"... that preclude opportunities for self-definition and coerce men into stifling identities. The Equal Protection Clause should not... presumptively tolerate such burdens on a man’s right of self-definition."
Lawprof John M. Kang argues that the law of gender discrimination should not protect men merely as "collateral beneficiaries of the protection afforded women, but in their own right." The article is called "The Burdens of Manliness."
Kang denies that he's a throwback to the "the sensitive troglodyte yearnings of the 1980s Men’s Movement," and I hear echoes of criticisms he must have received on drafts of this article. I was already a law professor back then, and my school (Wisconsin) was a hotbed of feminism theory. My own orientation at that the time — and now — was to see gender roles as limiting freedom for everyone. I remember suggesting to one of the most prominent feminist lawprofs that I thought feminism would be better if it expanded more generally into concern about the burdens of gender roles, which men felt too, in interestingly different ways. Individual freedom for all could be the overarching goal.
The response was not, as I'd naively anticipated at the time, that I had a great idea or that it was at least an intriguing proposal that we could casually converse about for a minute or 2. No, not at all. I mean, I'm still alive. But there was pushback. Swift, sharp snapback. Men get nothing from feminism. They must give ground. Much ground. For all that they have taken from us, for all the crushing and raping. Never give them the hint of a glimmer of hope that there is anything more that they can get. This is for us.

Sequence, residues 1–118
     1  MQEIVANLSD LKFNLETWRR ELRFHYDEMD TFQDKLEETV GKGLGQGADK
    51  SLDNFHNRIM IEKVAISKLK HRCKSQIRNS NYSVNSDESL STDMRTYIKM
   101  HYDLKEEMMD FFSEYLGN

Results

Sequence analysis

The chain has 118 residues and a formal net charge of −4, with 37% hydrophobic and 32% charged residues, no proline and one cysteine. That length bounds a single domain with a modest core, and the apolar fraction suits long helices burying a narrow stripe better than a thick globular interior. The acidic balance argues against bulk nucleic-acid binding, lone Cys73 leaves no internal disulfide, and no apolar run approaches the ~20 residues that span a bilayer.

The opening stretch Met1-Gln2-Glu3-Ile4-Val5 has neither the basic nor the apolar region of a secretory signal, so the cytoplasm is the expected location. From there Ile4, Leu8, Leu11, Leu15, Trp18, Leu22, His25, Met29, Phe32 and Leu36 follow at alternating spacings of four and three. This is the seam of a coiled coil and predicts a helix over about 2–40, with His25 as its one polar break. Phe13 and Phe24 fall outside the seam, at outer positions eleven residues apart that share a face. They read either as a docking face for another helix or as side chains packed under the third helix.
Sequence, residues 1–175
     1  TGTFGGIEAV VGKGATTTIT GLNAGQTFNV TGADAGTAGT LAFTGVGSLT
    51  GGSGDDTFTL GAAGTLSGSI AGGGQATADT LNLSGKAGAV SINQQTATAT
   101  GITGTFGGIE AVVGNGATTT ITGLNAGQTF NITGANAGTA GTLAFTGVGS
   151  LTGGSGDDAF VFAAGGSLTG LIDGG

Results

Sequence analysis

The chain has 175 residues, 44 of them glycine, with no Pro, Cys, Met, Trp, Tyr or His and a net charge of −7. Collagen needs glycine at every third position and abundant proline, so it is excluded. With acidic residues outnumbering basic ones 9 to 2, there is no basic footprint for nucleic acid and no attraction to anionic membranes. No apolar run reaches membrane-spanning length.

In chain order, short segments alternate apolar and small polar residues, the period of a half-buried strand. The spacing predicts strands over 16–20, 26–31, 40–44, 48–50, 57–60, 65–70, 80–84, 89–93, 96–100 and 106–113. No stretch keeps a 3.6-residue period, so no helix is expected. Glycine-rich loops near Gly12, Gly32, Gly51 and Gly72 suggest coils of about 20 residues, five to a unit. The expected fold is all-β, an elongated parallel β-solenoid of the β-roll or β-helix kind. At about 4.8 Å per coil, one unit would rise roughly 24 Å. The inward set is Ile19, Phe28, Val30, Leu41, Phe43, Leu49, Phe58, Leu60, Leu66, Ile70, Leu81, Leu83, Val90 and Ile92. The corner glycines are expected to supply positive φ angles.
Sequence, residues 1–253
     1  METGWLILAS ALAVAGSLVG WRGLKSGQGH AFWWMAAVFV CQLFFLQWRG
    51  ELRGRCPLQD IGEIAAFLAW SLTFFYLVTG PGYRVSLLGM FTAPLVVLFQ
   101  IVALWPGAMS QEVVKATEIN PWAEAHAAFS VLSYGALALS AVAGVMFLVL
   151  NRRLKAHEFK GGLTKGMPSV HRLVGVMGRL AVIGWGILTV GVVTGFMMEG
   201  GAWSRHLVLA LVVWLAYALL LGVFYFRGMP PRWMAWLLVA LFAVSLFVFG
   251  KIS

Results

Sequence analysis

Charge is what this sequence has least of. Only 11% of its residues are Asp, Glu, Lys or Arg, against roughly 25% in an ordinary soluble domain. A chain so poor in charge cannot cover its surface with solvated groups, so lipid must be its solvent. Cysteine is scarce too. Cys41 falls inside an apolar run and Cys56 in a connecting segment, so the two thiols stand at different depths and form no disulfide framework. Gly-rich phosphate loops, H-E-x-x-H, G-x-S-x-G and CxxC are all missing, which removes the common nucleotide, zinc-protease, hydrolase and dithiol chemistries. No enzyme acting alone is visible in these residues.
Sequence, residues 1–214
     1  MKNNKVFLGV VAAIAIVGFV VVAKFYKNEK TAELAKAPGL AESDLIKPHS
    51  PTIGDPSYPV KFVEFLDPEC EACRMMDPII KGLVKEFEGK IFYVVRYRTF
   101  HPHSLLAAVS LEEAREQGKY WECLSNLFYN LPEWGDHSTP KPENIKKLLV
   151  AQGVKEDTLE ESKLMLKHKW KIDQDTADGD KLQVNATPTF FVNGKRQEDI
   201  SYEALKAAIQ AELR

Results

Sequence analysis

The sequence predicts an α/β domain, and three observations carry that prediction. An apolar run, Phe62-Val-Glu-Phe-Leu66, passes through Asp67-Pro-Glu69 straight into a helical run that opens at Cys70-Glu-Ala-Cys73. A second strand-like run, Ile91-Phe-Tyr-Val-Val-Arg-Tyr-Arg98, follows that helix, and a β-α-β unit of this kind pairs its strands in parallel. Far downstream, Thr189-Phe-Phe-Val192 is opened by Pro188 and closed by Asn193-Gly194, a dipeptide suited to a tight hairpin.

But —I tried to defend my humble, untenured self — wouldn't more freedom for everyone be better? No! My elder laid down what was, she assured me, the lesson of long political experience: If men think there's anything in it for them, they will use their superior power to take more and more, and the subordination of women will worsen. We must all follow the same strategy: to demand that men give up power and wealth for the benefit of women.
As for the Men's Movement... remember "Iron John: A Book About Men"? Remember thinking it was important to hate Robert Bly?
And what are the burdens of manliness? Ironically — ironjohnically — men are made to feel unmanly for developing their set of grievances and whining and moaning about the unfairness of it. But please don't let that stop you from expressing yourself in the comments.
ADDED: By the way, during the same period, you'd get similar sharp pushback from lefties if you said you thought gay people had the right to marry each other. That was viewed as a conservative position that would undermine the feminist critique of marriage as patriarchy. I also got an instant, angry response from a lefty feminist law professor when I said that the cause of gay rights might be advanced by scientific findings that homosexuality may have a biological cause. Back then, you see, homosexuality was supposed to be a choice, and scientists were condemned even for researching the matter. Today, of course, lefty lawprofs will get mad at you if you don't endorse gay marriage and the biological origin of homosexuality. Oh, how I wish I'd had a blog circa 1990! And I hope this post gives you a glimpse of why there is so much emotional energy behind my blogging.